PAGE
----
7. Working Effectively with Legacy Code by Michael Feathers – The book is highly entertaining and comes across as a conversation with a really sharp, really patient guru developer. Often, it’s a chore to slog through code-heavy books. But Feathers manages to keep my attention with interesting stories, loads of examples, and well-written text.

8 .The Cuckoo’s Egg by Cliff stoll – A sentimental favorite, The Cuckoo’s Egg seems to have inspired a whole category of books exploring the quest to capture computer criminals. Still, even several years after its initial publication and after much imitation, the book remains a good read with an engaging story line and a critical outlook, as Clifford Stoll becomes, almost unwillingly, a one-man security force trying to track down faceless criminals who’ve invaded the university computer lab he stewards. What first appears as a 75-cent accounting error in a computer log is eventually revealed to be a ring of industrial espionage, primarily thanks to Stoll’s persistence and intellectual tenacity. –This text refers to an out of print or unavailable edition of this title.

9. Head First Design Patterns by Elisabeth Freeman, Eric Freeman, Bert Bates, Kathy Sierra – I just started reading it yesterday and it is a really well written (lots of pictures and examples) and is put in terms even I understand. Even so early on I would recommend it to anyone wanting an introduction into design patterns.You may not want to include it is all the examples are in Java although if you know c# you should understand it and even the VB / C++ shouldn’t have to jump to far.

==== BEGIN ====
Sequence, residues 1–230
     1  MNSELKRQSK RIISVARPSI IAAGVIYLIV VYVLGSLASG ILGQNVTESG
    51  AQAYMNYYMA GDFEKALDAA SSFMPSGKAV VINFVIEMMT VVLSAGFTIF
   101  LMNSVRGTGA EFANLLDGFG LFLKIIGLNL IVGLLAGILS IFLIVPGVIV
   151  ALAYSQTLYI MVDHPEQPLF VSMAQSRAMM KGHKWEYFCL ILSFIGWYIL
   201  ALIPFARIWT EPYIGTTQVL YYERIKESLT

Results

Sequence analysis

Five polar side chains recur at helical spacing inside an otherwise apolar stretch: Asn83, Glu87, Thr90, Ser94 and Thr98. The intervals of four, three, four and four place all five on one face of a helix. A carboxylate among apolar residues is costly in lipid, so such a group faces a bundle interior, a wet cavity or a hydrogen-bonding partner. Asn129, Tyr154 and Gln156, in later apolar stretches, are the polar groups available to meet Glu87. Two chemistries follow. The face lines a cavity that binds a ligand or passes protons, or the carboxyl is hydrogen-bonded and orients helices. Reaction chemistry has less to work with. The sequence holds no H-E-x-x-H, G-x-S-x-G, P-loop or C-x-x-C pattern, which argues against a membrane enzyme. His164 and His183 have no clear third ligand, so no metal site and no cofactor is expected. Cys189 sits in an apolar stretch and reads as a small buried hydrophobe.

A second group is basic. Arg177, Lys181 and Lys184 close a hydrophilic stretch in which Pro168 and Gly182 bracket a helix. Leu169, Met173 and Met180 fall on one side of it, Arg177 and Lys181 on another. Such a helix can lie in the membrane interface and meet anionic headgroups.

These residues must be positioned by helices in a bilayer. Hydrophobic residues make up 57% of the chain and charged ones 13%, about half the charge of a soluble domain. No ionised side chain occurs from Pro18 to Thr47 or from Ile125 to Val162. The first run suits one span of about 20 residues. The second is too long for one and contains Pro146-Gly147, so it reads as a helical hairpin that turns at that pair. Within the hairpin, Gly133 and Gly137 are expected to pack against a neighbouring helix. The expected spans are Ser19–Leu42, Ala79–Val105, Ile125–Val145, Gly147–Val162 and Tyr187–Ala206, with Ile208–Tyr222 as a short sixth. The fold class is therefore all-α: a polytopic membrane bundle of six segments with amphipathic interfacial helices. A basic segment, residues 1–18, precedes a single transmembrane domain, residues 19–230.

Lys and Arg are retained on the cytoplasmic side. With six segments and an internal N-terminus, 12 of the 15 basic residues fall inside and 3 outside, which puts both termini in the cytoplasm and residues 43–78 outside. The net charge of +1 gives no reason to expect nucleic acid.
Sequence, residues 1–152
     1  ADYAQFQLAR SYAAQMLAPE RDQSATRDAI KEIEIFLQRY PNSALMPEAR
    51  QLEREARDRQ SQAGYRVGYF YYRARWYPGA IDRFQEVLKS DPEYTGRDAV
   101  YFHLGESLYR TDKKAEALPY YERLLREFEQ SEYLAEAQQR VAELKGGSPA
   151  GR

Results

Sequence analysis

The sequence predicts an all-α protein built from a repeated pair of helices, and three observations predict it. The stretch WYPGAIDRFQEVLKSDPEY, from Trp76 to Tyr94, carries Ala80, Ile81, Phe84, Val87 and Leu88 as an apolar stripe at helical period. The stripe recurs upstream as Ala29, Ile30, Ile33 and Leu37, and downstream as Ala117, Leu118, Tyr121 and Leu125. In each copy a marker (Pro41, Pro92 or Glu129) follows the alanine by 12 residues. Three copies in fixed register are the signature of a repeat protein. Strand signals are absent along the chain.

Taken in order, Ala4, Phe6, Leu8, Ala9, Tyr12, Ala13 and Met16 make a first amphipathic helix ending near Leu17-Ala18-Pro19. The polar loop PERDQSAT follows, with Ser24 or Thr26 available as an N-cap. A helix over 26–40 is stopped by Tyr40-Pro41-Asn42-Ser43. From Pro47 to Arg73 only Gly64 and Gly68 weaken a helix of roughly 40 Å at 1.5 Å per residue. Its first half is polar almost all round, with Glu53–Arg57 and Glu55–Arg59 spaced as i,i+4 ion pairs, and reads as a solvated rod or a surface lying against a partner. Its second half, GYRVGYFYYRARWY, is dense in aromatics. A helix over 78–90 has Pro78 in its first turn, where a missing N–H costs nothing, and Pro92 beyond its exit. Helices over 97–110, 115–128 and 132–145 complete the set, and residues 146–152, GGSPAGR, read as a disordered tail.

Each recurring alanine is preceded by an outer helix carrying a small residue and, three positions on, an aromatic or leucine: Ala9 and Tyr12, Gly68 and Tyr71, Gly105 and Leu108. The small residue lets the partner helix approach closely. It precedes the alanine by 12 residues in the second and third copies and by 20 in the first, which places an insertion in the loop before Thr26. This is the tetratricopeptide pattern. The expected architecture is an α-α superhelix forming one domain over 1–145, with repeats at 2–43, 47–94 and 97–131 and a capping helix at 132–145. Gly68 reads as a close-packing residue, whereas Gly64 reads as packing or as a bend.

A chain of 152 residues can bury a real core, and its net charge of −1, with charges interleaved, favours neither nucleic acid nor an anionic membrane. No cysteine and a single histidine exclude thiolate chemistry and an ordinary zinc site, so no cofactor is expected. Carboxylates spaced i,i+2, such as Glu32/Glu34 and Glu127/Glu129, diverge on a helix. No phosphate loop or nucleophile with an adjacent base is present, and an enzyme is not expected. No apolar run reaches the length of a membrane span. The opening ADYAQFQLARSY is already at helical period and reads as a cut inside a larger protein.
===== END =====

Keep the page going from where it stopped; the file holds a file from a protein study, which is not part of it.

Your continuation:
10. From Coder to Developer: Tools and Strategies for Delivering Your Software by Gunderloy and Sybex – started very interesting. For someone new to the business it gives a nice overview of what the whole software development process entails and made things a lot clearly for a new graduate like me.

11. Code Reading by Spinellis – is a good read for learning how to quickly and efficiently get to grips with an existing codebase. I’m fortunate enough to have worked on greenfield stuff my last couple of projects, but this is gold when starting at a new company and needing to get up to speed. Also great if you’re looking to join an open source project. (

12. Writing Secure Code 2 by Michael Howard – This book provides a great overview of what techniques are important when writing secure applications, and what pitfalls to avoid. The book does a good job at making a point through examples and by explaining possible exploits.

13. The Mythical Man Month by  Brooks – This is a touchstone book, where by merely mentioning the name, you instantly communicate a body of knowledge on software engineering insight. It’s full of truths about Software Engineering that are still relevant. 30 years later.

14. Patterns of Enterprise Application Architecture by Martin Fowler – Noted software engineering expert, Martin Fowler, turns his attention to enterprise application development. He helps professionals understand the complex–yet critical–aspects of architecture. Enables the reader to make proper choices when faced with a difficult design decision.

15. TCP/IP Illustrated Volume 1 by  W. Tichard Stevens – Even though this book was published in 1994, it still serves as a useful reference and learning tool for the TCP/IP protocol. There are of course changes and additions that have been made to TCP/IP over the last 7 years such as IPv6, but one can still refer to this book as a good source of information about the dynamics of TCP/IP. There are exercises at the end of each chapter, so it can, and has been used as an effective textbook.

16. Don’t Make Me Think: A Common Sense Approach to Web Usability, 2nd Edition by Steve Krug – A practical Web design usability guide, “Don’t Make Me Think!” is based on empirical observation not exhaustive statistics. Steve Krug’s five years of usability consulting and testing are distilled down to this thin yet gem-filled how-to. Krug observed how people actually use the Web rather than how we *think* they use it, gleaning key usability guidelines.